Leaking Diplomatic Cables Risks Far More Than Trump's Ego. Lives Could Be at Stake | Opinion

In a fresh nadir of the "special relationship" between the U.S. and one of its most important allies, the UK ambassador to Washington DC found himself resigning his position earlier this month, following the leaks of his confidential cables to London about the current American president, Donald Trump. A good deal of analysis has circulated around what this means for British diplomats, and the security of their correspondence. These are important issues—but there is one that seems to have been overlooked in the media furore around this. And that relates to the safety of those who are not in the British Foreign Office at all—but, rather, those who volunteer their expertise as sources on the ground in countries where British diplomats operate. The leaks, arguably, mean far more to them, than to probably any British diplomat worldwide – because for those local sources, it could very well mean the difference between life and death, freedom or imprisonment.

Sir Kim Darroch, by all accounts, is an excellent diplomat, and carried out his duties with distinction. Those who leaked his cables ought to be arrested immediately and prosecuted to the full extent of the law. They have wreaked untold damage not simply on British diplomacy in the United States, where an insecure executive is easily offended – but also to the ability of British diplomats to do their jobs. Going forward, a lot of British diplomats are no doubt going to be far more careful about what they send back to London, just in case the newspapers get a hold of it, and leak the information. But let us be clear—what happened to Sir Kim, while terrible, means the shortening of his stationing in DC by a few months. If he retires from the Foreign Office, he is frankly going to do so with a great deal of respect—rightly—from his colleagues and his nation.

But there are times when leaks of diplomatic communication are far more dangerous. In particular, those whom diplomats speak to outside their own ranks; people who do not enjoy the protection or shelter of embassies and governments, and are often living countries run by authoritarian or dictatorial regimes; and

As an academic and analyst, I travel to authoritarian countries a great deal for my research. Very often, I speak to diplomats in various embassies, not least of my own United Kingdom. I do so always under the presumption that my conversations are off-record – or, I should say, I always did so. I'm not sure I can do that anymore. My risk analysis in that regard has changed. And yet, my risks are very different than many others whom embassies speak to. I'm a British national, associated with two well-connected think-tanks in Washington DC and London. I'm not immune to getting into trouble, but I am less at risk than, for example, native rights defenders in such authoritarian states.

Rights defenders do not usually have foreign embassies who'll intervene on their behalf if they are harassed, threatened or arrested. When these defenders speak to our diplomats overseas, they already have great risks to consider. They take them, bravely, to bear witness—but they do not expect that their analysis will be leaked as a result of lack of security in communication. After the leaks of Sir Kim's communication, they may have to reconsider that.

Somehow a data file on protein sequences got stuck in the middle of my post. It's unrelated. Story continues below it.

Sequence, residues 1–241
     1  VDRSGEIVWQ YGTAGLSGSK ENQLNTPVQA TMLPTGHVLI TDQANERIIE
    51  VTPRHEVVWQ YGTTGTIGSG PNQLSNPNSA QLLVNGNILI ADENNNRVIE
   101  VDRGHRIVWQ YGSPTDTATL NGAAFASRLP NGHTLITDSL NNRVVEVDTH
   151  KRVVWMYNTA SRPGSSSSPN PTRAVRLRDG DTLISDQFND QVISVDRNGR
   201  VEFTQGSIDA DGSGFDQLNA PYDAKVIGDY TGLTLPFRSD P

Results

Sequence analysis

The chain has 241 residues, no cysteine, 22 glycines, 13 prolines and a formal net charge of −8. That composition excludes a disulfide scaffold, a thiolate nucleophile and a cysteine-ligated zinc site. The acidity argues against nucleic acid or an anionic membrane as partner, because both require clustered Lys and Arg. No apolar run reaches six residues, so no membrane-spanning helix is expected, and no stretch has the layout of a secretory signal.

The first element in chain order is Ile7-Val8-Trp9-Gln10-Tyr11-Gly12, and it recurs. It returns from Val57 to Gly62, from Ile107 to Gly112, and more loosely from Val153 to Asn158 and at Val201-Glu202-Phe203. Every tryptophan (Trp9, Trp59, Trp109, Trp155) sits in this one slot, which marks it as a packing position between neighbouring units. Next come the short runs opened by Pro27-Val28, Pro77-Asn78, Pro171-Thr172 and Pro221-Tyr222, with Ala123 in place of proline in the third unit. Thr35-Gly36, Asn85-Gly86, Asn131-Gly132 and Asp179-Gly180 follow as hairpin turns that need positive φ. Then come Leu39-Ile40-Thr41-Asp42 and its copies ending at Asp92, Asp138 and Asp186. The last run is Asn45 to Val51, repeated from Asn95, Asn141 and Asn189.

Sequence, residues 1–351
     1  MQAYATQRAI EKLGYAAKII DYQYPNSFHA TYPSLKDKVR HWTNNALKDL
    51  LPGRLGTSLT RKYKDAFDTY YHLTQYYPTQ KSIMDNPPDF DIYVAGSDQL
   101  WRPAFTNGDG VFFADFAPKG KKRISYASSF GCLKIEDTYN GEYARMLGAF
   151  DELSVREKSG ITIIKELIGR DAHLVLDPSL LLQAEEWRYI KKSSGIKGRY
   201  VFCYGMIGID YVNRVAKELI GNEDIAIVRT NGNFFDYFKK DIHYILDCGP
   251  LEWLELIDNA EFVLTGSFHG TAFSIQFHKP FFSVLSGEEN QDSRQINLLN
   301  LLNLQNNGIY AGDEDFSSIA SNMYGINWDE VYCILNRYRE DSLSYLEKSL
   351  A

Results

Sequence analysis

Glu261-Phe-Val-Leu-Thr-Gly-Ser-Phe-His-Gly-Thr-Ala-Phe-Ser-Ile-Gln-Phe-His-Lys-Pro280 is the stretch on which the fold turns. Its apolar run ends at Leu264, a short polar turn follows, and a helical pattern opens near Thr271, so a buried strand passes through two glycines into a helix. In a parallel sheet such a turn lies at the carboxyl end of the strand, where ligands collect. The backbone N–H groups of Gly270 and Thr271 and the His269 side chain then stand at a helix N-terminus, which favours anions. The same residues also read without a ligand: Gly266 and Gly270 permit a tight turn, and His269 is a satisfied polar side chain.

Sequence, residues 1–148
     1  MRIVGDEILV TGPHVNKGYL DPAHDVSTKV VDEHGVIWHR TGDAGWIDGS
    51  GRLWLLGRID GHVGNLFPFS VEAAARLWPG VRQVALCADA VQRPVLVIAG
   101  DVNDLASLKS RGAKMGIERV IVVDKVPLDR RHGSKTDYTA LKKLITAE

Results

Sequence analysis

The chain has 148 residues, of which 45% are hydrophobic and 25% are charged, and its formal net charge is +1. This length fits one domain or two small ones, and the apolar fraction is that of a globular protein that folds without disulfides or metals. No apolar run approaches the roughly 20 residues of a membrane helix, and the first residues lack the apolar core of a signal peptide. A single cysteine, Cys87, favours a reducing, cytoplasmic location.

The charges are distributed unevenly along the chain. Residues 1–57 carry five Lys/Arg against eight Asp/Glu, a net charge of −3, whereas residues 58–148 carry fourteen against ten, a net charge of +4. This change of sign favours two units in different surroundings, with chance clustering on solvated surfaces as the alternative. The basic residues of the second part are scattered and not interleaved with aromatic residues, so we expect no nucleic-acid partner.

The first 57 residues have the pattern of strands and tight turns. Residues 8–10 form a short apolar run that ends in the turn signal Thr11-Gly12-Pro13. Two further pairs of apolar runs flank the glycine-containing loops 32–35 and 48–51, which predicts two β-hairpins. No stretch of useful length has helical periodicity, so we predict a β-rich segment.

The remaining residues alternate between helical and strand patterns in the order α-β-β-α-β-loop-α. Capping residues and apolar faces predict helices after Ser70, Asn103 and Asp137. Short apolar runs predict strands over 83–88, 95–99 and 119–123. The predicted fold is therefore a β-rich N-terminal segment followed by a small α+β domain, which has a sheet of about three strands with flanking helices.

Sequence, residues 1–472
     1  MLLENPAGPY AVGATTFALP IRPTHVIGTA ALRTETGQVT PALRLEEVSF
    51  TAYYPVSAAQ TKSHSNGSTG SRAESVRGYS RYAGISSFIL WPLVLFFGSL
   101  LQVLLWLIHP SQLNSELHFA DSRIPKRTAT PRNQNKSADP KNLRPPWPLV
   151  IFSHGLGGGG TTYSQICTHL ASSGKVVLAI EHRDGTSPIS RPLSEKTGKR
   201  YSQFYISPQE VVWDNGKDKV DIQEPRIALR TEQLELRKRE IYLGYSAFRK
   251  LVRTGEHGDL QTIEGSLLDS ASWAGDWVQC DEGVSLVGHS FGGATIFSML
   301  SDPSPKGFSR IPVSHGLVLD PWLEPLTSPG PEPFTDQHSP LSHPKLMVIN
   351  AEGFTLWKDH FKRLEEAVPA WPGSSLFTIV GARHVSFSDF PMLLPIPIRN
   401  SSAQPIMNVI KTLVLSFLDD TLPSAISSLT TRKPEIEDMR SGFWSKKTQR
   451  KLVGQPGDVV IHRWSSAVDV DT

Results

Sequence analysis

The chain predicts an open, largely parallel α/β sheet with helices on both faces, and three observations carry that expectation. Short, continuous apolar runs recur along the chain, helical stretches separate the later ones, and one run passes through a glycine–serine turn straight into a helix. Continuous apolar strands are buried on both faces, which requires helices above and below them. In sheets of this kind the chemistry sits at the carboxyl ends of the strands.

And it isn't as though prior to this event, such rights defenders had nothing to worry about. In one such country, I know of a European embassy that held a confidential session with a local analyst to discuss the economy of an authoritarian regime. Without consulting with that analyst first, the embassy invited an advisor to the president of that regime, to participate in the discussion—as though this would be completely normal and acceptable, in terms of risks to the analyst. When the analyst raised concerns, they were told, "Don't worry—if you get into any trouble, let us know, and we'll sort it out for you." Because, of course, European embassies really have a wonderful track record of managing to intervene successfully in such cases—not.

The civil service of our own Foreign Office is more often than not a great example of diplomatic expertise. Sometimes, like all services, it fails – and especially when there is a lack of proper political leadership at the top. In this case, our new prime minister, Boris Johnson, failed Sir Tim quite dramatically, by not coming out against the attacks of Donald Trump on our ambassador to the United States. In so doing, however, he not only let down our ambassador and the Foreign Office. He—and everyone who either failed to stand by Sir Kim, let alone those who carried out the leaks – let down those who take great risks in talking to our diplomats and briefing them. It's how our diplomats are able to do their jobs – but our local experts will no longer treat such conversations in the same way as they used to. Nor, alas, should they.

Dr H.A. Hellyer is senior associate fellow at the Royal United Services Institute and the Atlantic Council. He can be found tweeting @hahellyer

The views expressed in this article are the author's own.​​​​​